Hurricane Matthew which devastated Haiti and hit the eastern US coast bears witness that hurricane season can bring disaster to the best of plans. I am often asked to name my favorite expedition and my usual answer is “the next one”. But it is hard to top a very unique experience of some years ago when I was the medical officer for the Titanic salvage expedition. This entailed a 4 week expedition in the North Atlantic during which the submersibles you have seen in the movies were deployed to search for artifacts. Although very occasional high-priced tourist trips have visited the site, there have only been a couple of dives which retrieved artifacts.
The Titanic site is near the fishing grounds of Grand Banks, the site of the wreck of the Andrea Gail depicted in the movie The Perfect Storm. Hurricanes are relatively rare in that area but many people not involved expressed concern about another such storm….which I scoffed at. But as I waited in the quaint city of St. Johns in Newfoundland to take my 2 week turn at sea, we watched a tropical storm in the Caribbean roll up the US East Coast, waiting for it to make landfall. To the delight of the meteorologists and to my horror, it avoided land and headed right out to the North Atlantic. The seas are notoriously rough even on good days in that location with a swell that can be 10 to 15 feet, making transfer and resupply from the smaller vessels onto the large Russian marine research vessel A. M. Keldysh quite treacherous.
We had no word about the research ships for 3 days, but the Keldysh finally signaled their return to the site after going 250 miles to avoid the storm. It was only after debriefing my medical colleague that we learned how close the other smaller research vessel came to sinking. His stateroom was “upside down” and he had the now terrified scientists and crew put on life preservers and be prepared to go in the water. Fortunately, the captain came to his senses and evacuated.
This was only one of the unusual events from this expedition. We only had 5 days to dive the Titanic site with the 2 submersibles because that hurricane made an about-face and came roaring back so we had to leave. We weathered other problems as well. Five patients had medical problems, 3 of them with painful kidney stones, though none were obstructing necessitating a complicated emergency evacuation. There was an attempted suicide leaving a gap in the command structure. The 75 Russians who ran the program and research ship were consummate professionals and there were some great and very qualified individuals among the 50 expedition members, but there were also actors, investors, an unemployed rock band, and other assorted motley crew, many of whom I would not take to the deli let alone to the North Atlantic. A couple of them concealed serious medical conditions, jeopardizing their safety and the overall mission. The cook was not sober the entire time, terrifying me that he would start a fire in the galley, cut off his finger, or create an epidemic of bacterial diarrhea. On the return to Canada with the artifacts, the engines suddenly stopped and we learned that the Russians had not been paid so we were hostages in international waters without legal jurisdiction until that was corrected. As you can imagine, there are longer stories surrounding each of these events. We certainly welcomed the sight of the Newfoundland tower which received the SOS from the Titanic on that fateful day in 1912 that now signaled to us we were back home.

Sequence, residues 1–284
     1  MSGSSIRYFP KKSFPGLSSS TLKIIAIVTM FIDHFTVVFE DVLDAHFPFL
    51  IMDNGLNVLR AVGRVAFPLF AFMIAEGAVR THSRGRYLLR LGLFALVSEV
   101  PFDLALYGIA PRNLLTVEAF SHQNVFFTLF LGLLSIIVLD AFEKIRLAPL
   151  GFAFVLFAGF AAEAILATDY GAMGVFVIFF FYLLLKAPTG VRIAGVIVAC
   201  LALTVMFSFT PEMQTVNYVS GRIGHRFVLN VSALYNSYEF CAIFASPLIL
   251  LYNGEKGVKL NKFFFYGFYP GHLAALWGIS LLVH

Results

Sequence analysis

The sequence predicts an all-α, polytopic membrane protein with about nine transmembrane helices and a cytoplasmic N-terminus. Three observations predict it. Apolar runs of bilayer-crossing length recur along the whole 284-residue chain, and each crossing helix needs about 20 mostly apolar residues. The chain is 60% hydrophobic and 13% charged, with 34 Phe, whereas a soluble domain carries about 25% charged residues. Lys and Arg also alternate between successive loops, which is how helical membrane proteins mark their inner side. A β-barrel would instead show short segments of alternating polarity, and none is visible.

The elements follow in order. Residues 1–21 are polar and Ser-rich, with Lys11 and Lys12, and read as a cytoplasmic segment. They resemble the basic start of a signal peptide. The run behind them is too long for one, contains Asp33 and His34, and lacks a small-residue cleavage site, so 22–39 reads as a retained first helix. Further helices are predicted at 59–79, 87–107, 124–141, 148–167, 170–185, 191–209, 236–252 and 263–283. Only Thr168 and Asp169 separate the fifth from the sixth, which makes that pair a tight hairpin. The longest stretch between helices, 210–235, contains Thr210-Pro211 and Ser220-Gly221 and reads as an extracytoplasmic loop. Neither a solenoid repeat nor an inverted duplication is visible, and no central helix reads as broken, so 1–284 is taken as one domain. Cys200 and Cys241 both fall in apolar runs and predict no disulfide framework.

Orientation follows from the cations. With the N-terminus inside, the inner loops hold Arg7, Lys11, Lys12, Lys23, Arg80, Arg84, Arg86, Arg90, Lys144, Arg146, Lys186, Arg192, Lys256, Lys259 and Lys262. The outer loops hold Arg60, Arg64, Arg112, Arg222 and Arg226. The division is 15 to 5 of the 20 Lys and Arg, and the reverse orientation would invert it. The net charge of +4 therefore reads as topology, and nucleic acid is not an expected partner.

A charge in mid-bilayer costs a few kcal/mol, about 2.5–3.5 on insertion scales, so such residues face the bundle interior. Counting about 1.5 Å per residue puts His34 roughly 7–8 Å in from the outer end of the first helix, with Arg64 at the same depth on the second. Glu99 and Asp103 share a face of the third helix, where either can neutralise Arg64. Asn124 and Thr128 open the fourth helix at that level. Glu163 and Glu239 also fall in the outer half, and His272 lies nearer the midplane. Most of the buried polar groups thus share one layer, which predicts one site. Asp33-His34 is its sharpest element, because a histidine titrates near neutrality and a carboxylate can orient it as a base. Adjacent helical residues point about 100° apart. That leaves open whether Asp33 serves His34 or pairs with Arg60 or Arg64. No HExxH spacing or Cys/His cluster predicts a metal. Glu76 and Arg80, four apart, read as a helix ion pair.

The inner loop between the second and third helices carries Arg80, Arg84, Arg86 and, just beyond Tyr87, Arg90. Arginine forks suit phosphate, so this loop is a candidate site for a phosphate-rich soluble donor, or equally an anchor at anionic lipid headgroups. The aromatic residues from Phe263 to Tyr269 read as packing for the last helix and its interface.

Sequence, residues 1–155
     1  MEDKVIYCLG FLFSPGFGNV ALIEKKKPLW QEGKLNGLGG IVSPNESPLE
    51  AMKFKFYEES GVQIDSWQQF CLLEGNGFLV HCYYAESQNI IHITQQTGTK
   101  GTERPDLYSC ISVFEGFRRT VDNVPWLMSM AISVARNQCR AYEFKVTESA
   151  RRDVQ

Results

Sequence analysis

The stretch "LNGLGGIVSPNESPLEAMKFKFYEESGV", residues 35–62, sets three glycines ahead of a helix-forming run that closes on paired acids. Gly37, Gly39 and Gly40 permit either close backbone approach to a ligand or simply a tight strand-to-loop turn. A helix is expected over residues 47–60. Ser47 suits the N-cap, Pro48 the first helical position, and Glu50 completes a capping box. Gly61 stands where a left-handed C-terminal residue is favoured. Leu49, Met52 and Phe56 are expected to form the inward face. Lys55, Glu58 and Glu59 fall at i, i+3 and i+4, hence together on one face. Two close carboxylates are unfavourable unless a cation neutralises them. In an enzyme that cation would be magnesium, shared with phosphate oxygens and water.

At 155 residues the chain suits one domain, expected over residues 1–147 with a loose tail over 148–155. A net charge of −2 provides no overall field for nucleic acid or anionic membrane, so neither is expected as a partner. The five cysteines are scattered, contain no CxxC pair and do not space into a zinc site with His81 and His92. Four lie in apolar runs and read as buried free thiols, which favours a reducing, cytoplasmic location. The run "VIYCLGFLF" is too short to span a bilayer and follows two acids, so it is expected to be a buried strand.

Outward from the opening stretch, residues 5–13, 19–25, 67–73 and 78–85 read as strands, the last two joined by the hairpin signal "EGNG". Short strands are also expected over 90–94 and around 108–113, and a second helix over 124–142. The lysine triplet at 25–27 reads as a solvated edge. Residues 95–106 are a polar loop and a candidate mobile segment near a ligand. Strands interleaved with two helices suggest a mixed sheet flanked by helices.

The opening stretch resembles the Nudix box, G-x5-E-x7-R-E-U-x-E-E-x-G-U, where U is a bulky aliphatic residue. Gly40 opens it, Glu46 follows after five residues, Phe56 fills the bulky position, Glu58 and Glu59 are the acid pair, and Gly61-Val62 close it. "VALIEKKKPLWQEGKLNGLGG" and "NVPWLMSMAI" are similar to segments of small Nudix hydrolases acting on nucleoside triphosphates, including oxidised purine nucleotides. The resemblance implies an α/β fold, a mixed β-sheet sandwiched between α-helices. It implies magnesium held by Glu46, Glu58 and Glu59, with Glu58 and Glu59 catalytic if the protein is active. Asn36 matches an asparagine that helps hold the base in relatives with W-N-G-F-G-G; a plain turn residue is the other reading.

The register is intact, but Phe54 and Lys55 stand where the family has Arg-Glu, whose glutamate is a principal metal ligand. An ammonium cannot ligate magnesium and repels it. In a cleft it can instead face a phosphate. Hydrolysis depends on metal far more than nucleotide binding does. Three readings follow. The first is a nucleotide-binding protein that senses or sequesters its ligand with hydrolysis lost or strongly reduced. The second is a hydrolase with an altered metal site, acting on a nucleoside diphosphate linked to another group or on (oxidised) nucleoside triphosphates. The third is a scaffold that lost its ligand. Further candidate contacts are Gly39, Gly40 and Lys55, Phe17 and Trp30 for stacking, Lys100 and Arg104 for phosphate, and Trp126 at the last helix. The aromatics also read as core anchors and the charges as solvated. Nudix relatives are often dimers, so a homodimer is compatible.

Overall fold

What was it was like to be on the ocean floor 2.5 miles below the surface collecting artifacts from the historic wreck? Stay tuned for Part 2.
Michael J. Manyak, MD
VP National Eagle Scout Association
Author, Lizard Bites and Street Riots, Travel Emergencies and Your Health, Safety, and Security